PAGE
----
Singer Pixie Lott will take part in Strictly Come Dancing 2014, the BBC has confirmed
tv
Life and Style
Cooked up: reducing dietary animal fat might not be as healthy as government advice has led millions of people to believe
healthA look at how governments started advising incorrectly on diets
News
Evan Spiegel, the founder of Snapchat, dropped out of Stanford University just before graduation to develop his app
techAnd yes, it is quite a lot
PROMOTED VIDEO
Have you tried new the Independent Digital Edition apps?
News
ebooksAn evocation of the conflict through the eyes of those who lived through it
Independent
Travel Shop
the manor
Up to 70% off luxury travel
on city breaks Find out more
santorini
Up to 70% off luxury travel
on chic beach resorts Find out more
sardina foodie
Up to 70% off luxury travel
on country retreats Find out more
Latest stories from i100
Have you tried new the Independent Digital Edition apps?
Independent Dating
and  

By clicking 'Search' you
are agreeing to our
Terms of Use.

iJobs Job Widget
iJobs General

Retail Business Architect

Flexible for the right candidate: Clearwater People Solutions Ltd: I have a fa...

Calypso Developer

£500 - £700 per day: Harrington Starr: Calypso Developer Calypso, J2SE, XML, ...

IT Developer/Analyst

£35000 - £36000 per annum + benefits: Ashdown Group: A market leading financia...

Pricing Manager, Finance, Edinburgh, £250-350p/d

£250 - £350 per annum + competitive: Orgtel: My client, a leading bank, is cur...

Day In a Page

Kate Bush, Hammersmith Apollo music review: A preamble, then a coup de théâtre - and suddenly the long wait felt worth it

Kate Bush shows a voice untroubled by time

A preamble, then a coup de théâtre - and suddenly the long wait felt worth it
Robot sheepdog technology could be used to save people from burning buildings

The science of herding is cracked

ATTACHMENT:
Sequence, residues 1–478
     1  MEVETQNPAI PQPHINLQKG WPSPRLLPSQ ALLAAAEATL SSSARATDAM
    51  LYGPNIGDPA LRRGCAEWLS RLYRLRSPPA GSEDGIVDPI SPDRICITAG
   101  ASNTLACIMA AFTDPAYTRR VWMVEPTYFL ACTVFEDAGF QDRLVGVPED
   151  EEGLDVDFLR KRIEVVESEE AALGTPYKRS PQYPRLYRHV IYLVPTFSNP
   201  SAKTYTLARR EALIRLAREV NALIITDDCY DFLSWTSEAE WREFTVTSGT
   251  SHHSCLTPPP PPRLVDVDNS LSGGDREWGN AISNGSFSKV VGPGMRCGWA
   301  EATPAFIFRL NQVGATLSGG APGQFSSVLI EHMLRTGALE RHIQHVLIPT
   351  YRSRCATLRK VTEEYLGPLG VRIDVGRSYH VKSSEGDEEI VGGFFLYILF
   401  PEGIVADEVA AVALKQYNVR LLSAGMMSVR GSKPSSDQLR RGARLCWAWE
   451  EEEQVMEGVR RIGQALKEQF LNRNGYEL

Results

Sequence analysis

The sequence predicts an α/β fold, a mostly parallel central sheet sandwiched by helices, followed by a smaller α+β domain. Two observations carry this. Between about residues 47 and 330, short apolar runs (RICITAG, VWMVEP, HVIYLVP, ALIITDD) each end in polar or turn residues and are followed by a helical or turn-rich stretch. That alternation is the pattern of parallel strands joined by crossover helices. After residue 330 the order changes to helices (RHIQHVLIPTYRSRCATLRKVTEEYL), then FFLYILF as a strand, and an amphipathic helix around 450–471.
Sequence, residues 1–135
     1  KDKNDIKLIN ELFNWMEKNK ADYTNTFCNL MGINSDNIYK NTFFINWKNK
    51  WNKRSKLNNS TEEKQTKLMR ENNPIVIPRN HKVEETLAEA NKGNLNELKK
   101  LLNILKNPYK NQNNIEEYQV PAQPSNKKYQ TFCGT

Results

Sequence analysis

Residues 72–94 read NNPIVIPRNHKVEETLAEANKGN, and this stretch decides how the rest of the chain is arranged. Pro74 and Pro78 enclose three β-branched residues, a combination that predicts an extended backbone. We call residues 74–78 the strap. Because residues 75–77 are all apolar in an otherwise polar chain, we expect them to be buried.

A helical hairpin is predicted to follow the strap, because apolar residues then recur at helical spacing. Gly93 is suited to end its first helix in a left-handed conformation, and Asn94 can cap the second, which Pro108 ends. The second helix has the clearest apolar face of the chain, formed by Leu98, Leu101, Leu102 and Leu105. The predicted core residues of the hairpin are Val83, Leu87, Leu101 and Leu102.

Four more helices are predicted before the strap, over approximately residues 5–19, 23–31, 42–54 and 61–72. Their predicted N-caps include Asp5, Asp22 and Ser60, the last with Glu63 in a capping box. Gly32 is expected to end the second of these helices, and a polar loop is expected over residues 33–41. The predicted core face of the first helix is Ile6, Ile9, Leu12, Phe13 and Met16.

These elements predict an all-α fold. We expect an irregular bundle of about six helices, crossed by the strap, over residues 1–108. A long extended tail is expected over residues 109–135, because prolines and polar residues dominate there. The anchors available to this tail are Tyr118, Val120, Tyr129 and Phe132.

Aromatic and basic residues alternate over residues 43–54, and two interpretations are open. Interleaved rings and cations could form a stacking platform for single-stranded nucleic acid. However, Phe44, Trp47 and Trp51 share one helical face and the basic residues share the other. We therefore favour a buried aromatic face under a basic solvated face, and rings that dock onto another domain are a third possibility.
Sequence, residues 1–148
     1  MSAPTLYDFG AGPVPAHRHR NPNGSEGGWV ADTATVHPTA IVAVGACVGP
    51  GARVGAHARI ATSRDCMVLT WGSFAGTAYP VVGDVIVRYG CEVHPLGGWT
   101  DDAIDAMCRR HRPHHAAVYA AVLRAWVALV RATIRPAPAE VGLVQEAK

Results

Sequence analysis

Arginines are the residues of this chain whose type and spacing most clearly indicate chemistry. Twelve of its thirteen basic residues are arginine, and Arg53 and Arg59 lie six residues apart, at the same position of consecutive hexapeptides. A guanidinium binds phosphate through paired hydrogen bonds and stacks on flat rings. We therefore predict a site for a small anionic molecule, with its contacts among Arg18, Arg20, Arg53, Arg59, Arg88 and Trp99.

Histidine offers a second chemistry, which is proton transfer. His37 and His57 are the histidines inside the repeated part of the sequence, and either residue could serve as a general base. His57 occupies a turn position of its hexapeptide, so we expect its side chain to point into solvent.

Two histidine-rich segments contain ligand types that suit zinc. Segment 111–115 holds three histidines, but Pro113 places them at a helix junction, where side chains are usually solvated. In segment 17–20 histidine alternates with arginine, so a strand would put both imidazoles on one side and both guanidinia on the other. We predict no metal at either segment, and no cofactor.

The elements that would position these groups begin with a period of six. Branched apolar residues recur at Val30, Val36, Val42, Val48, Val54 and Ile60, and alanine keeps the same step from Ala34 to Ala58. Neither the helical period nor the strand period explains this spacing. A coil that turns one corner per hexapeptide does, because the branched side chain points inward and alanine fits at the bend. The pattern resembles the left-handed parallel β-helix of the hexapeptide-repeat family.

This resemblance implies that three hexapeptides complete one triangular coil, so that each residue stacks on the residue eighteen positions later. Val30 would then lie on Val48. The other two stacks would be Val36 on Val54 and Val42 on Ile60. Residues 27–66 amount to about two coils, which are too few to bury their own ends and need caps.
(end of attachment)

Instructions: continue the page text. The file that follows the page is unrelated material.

Mathematical model would allow robots to be programmed to control crowds and save people from burning buildings
Tyrant: Is the world ready for a Middle Eastern 'Dallas'?

This tyrant doesn’t rule

It’s billed as a Middle Eastern ‘Dallas’, so why does Fox’s new drama have a white British star?
Rachael Lander interview: From strung out to playing strings

From strung out to playing strings

Award-winning cellist Rachael Lander’s career was almost destroyed by the alcohol she drank to fight stage fright. Now she’s playing with Elbow and Ellie Goulding
The science of saturated fat: A big fat surprise about nutrition?

A big fat surprise about nutrition?

The science linking saturated fats to heart disease and other health issues has never been sound. Nina Teicholz looks at how governments started advising incorrectly on diets
Emmys 2014 review: Can they genuinely compete with the Oscars

Can they genuinely compete with the Oscars?

The recent Emmy Awards are certainly glamorous, but they can't beat their movie cousins
On the road to nowhere: A Routemaster trip to remember

On the road to nowhere

A Routemaster trip to remember
Hotel India: Mumbai's Taj Mahal Palace leaves its darker days behind

Hotel India

Mumbai's Taj Mahal Palace leaves its darker days behind
10 best pencil cases

Back to school: 10 best pencil cases

Whether it’s their first day at school, uni or a new project, treat the student in your life to some smart stationery
Arsenal vs Besiktas Champions League qualifier: Gunners know battle with Turks is a season-defining fixture

Arsenal know battle with Besiktas is a season-defining fixture

Arsene Wenger admits his below-strength side will have to improve on last week’s show to pass tough test
Pete Jenson: Athletic Bilbao’s locals-only transfer policy shows success does not need to be bought

Pete Jenson: A Different League

Athletic Bilbao’s locals-only transfer policy shows success does not need to be bought
This guitar riff has been voted greatest of all time

The Greatest Guitar Riff of all time

Whole Lotta Votes from Radio 2 listeners
Britain’s superstar ballerina

Britain’s superstar ballerina

Alicia Markova danced... every night of the week and twice on Saturdays
Berlin's Furrie invasion

Berlin's Furrie invasion

2000 fans attended Eurofeurence
‘It was a tidal wave of terror’

‘It was a tidal wave of terror’

Driven to the edge by postpartum psychosis